As for where to plant everything, you should be planting your taller crop in the north-east part of your garden so that the movement of the sun throughout the day doesn’t shade any of the other plants. In the case of lettuce and spinach, however, you may want to have a row behind your taller crops so that they are shaded and don’t bolt (go to seed) in the heat of summer. Examples of taller crops are indeterminate tomatoes, pole beans (which also need to be trellised - bush beans do not) and corn. Corn needs to be planted in rows 4’ wide to ensure good wind pollination. I like having watermelons and zucchini plants near the edge of my garden so that they can spill out onto the lawn if they need the space. Some people like companion planting, such as planting basil near tomatoes for better taste or beans near corn to help fix nitrogen in the soil. Also, check out succession planting so that you have a continuous harvest throughout the season.

You should deeply water your garden once a week rather than frequent, shallow watering. Some people say 2” per week. Melons, cucumbers and tomatoes need a lot of water once they start fruiting so you may want to give them an extra dousing. You should water during the morning so that the water has a chance to evaporate in the morning sun. Watering at night encourages foliage disease as the leaves stay damp throughout the night.

Good luck and have fun! MeFi mail me if you have any questions.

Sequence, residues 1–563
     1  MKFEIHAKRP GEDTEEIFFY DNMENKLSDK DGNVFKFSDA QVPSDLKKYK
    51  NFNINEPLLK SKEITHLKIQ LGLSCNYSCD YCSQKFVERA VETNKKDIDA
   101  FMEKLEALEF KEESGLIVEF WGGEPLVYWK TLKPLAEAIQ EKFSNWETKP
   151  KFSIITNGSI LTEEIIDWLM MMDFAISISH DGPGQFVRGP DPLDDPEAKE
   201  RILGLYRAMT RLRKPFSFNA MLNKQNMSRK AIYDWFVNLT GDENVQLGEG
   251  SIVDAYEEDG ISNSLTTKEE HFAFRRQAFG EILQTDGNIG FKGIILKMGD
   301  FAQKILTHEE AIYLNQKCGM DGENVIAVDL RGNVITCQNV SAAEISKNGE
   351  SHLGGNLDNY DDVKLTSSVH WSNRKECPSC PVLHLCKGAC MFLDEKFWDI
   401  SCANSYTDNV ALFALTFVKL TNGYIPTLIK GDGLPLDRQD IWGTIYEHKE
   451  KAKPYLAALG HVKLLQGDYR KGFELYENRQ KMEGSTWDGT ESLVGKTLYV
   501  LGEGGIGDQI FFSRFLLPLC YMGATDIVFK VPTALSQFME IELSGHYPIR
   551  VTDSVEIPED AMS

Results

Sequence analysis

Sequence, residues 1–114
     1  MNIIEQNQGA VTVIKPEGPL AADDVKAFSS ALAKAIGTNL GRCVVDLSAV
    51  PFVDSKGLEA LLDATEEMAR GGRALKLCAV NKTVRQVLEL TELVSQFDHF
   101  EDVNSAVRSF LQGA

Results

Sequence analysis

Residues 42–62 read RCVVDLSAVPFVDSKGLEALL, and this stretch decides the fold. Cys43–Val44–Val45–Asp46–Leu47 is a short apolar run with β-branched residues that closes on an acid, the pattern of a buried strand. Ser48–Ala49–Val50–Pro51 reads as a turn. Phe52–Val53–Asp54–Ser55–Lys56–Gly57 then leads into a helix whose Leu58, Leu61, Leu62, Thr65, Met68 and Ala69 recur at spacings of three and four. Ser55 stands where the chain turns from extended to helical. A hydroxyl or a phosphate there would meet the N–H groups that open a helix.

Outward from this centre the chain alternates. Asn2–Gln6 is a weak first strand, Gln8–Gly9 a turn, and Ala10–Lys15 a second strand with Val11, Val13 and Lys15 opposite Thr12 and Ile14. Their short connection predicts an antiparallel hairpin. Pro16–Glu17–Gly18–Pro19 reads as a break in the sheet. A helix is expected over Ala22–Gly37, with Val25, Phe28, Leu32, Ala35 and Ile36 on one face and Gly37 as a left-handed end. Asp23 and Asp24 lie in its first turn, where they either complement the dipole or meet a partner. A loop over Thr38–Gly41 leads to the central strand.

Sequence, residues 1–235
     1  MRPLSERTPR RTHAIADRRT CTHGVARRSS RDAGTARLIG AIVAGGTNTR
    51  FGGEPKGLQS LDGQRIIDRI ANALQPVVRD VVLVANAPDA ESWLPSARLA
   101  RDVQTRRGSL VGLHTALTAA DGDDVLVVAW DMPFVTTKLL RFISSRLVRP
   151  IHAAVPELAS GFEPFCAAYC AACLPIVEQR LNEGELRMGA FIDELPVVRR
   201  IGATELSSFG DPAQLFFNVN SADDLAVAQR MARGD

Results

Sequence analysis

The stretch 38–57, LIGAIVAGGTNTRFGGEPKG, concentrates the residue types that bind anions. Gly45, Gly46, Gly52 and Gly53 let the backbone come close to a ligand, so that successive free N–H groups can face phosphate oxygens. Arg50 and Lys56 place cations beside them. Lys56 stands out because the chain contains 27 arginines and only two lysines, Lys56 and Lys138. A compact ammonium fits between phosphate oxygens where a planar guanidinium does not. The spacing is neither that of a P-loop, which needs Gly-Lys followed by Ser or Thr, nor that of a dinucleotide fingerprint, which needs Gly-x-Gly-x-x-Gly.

posted by KathyK at 10:08 AM on June 4, 2008 [111 favorites]


Your soil is the most important thing. If it were me.. I would research where the best agricultural land was within the distance I was prepared to travel. Take a trailer...
(The best farming soil in my STATE is almost all completely under (fucking) houses these days. Be aware that people where you are could also be that stupid. But it will make it easier to get as no-one is actually 'using it'. Wankers.)

But yeah then you will be wanting some Earthworms and to get started on your Compost.
Certain things like Cabbage not only stinks but also attracts moths (leaving hungry caterpillars) so you might like to give that a miss. Basil gets nibbled a bit too but whatever it is comes for the Basil and that's about it. I like it too so I understand. If you never see Lady Beatles in your yard, you might like to release some.

Your local Nursery or Gardening Society/Group (there's probably more than one, little old ladies do like to feud?) will be able to help you out with what will happily grow. Also any bug-repellent plants or any other pests/diseases and their preventative measures that you should be aware of in your area. Any gardens aimed at kids?? Everything they grow will be fun, productive and very encouraging!!

Grow some kind of Mint out there. (But in a pot, they grow well. Mint will strive for world domination if you let it.)
posted by mu~ha~ha~ha~har at 10:28 AM on June 4, 2008


I thought i had killed my chives so I dumped out the pot in a dirt patch. A few days later they were growing strong. My landlord then lawn-mowed over them. And a week later they are again growing strong. They are very good to add as a garnish to many different dishes. According to Wikipedia chives help repel some garden pests.